DALLAS (AP) — The owner of a Texas company that makes untraceable 3D-printed guns is wanted on an arrest warrant tied to an accusation that he had sex with an underage girl and paid her $500 afterward.
Austin police Cmdr. Troy Officer said Wednesday that the department is working with national and international law enforcement to located Cody R. Wilson, who missed a scheduled flight back to the U.S. from Taiwan. Wilson didn’t reply to a phone message from The Associated Press seeking comment.
Officer reported that Wilson’s last known location was in Taipei, Taiwan. He said it’s unclear why Wilson went to Taiwan, but he is known to travel extensively. He said before Wilson flew there, a friend of the 16-year-old girl informed Wilson that police were investigating the accusation that he had sex with the youth.
In a court filing, Detective Shaun Donovan said Wilson had sex with the girl at an Austin hotel last month. A counselor for the teenager reported the accusation to Austin police a week later. He said Wilson met the girl through the website SugarDaddyMeet.com, where she had created an online profile.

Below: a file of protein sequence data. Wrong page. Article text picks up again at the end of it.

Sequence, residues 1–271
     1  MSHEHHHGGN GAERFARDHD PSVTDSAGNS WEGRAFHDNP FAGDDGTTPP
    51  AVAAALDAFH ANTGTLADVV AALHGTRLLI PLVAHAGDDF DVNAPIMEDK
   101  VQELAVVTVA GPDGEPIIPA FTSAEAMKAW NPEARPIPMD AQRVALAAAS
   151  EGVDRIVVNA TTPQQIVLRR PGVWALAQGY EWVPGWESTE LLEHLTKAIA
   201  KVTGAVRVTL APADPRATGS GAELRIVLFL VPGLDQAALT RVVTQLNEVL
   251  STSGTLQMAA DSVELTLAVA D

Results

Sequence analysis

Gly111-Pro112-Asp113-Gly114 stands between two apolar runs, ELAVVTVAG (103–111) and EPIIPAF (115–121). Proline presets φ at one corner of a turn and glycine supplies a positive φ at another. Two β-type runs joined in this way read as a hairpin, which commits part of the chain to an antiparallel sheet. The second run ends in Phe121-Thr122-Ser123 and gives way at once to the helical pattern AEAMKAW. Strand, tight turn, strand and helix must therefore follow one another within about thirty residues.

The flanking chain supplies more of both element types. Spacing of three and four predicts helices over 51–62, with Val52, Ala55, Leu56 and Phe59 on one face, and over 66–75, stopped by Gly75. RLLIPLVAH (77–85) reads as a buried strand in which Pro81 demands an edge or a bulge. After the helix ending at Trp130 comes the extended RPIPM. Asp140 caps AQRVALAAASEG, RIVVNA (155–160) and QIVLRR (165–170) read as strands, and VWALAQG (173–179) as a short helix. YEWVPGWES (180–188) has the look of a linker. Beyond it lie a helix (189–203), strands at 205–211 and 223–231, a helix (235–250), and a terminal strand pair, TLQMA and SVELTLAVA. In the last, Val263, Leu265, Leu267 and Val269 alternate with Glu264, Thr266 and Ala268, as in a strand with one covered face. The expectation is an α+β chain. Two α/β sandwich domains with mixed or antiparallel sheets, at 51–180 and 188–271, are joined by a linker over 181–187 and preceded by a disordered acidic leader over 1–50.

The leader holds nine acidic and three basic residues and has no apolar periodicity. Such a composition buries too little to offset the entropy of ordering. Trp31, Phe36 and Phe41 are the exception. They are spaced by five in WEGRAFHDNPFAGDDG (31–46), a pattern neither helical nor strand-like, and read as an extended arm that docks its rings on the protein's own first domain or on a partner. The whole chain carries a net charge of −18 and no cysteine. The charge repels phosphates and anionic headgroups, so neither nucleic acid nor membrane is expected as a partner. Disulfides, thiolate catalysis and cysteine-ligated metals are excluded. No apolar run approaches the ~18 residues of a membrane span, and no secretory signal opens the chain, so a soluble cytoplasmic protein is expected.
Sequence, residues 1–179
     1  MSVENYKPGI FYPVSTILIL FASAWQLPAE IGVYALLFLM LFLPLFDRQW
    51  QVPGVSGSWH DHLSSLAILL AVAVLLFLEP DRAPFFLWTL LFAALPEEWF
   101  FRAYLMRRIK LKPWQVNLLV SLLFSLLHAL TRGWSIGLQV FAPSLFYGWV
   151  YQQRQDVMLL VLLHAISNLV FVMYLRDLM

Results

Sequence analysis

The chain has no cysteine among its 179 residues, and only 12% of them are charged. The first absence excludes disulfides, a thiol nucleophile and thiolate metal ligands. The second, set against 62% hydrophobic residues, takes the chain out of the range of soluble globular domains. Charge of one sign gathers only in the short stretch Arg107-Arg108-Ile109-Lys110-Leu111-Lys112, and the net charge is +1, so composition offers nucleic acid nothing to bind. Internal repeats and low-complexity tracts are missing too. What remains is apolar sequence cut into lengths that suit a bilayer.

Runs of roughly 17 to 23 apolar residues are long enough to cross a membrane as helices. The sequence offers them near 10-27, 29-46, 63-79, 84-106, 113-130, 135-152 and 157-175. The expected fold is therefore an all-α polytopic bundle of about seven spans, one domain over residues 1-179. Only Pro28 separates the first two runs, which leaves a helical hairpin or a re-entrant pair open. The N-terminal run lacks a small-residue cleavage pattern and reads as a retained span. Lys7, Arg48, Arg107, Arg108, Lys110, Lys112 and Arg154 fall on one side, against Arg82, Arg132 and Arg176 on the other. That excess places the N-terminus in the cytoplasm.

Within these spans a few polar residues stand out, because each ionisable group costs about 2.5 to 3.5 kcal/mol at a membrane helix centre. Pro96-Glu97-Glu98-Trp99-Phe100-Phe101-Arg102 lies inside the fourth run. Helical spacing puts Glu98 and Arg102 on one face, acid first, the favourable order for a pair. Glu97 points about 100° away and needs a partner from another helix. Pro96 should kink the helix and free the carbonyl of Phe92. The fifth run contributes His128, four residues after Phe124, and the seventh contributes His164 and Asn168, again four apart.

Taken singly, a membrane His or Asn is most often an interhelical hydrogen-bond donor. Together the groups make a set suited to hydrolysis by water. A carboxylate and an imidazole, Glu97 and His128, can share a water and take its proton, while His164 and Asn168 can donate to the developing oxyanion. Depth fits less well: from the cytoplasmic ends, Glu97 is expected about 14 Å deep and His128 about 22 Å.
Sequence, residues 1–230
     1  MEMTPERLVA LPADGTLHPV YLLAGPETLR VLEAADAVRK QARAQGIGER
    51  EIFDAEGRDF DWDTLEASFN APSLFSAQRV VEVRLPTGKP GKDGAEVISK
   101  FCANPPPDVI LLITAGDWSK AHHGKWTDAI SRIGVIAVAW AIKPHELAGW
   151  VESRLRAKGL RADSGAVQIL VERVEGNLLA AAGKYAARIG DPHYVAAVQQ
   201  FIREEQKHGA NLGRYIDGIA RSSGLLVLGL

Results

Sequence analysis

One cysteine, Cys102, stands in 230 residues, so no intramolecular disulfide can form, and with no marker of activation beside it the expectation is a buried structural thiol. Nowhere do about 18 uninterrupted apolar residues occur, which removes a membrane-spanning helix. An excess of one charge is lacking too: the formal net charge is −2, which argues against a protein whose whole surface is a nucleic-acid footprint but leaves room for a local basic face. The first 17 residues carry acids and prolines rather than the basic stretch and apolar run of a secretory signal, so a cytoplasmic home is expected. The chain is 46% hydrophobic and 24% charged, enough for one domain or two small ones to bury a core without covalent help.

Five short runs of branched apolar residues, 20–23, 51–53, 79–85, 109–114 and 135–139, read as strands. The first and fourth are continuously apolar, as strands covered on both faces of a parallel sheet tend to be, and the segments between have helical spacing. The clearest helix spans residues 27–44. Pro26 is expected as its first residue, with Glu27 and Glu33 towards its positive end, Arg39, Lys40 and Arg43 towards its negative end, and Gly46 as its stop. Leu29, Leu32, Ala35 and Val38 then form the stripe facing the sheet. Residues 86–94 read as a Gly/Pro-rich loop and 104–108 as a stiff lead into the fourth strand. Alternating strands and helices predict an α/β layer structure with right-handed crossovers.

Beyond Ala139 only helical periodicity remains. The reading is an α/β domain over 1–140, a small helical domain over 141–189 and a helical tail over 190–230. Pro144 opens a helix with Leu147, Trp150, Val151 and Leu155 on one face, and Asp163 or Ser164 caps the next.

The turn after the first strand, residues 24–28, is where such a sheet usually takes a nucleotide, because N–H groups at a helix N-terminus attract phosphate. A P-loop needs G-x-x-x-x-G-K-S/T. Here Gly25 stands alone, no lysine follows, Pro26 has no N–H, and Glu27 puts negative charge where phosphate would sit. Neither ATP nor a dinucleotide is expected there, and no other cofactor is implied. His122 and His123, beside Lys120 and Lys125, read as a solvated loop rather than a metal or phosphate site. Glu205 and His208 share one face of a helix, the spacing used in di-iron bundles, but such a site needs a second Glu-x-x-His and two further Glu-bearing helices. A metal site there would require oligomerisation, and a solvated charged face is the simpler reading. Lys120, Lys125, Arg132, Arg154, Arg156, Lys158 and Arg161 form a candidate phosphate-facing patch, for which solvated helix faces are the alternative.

The girl reported she received images of Wilson’s genitalia and sent a picture of herself naked, according to the affidavit.
On Aug. 15, they met in the parking lot of an Austin coffee shop before they drove to the hotel. The girl told investigators that Wilson paid her $500 after they had sex and then dropped her off at a Whataburger restaurant.
Video surveillance shows Wilson and the youth getting out of a vehicle at the hotel and then exiting an elevator together on the seventh floor, Donovan wrote. The footage shows them returning to the elevator later that night.
Hotel records revealed that Wilson registered the same room that the girl reported he had sex with her, the detective wrote.
“My detectives have interviewed and (spoken) with this victim,” Officer said. “In their opinion, if someone mistakes her age it would be because they think she’s younger, not older than the 16 year old that she is.”
Wilson is identified in the affidavit as the owner of Austin-based Defense Distributed. After a federal court barred Wilson from posting the printable gun blueprints online for free last month, he announced he had begun selling them for any amount of money to U.S. customers through his website.
The states sued to stop an agreement that the government reached with Defense Distributed, arguing that the blueprints for how to print plastic guns could be obtained by felons or terrorists.
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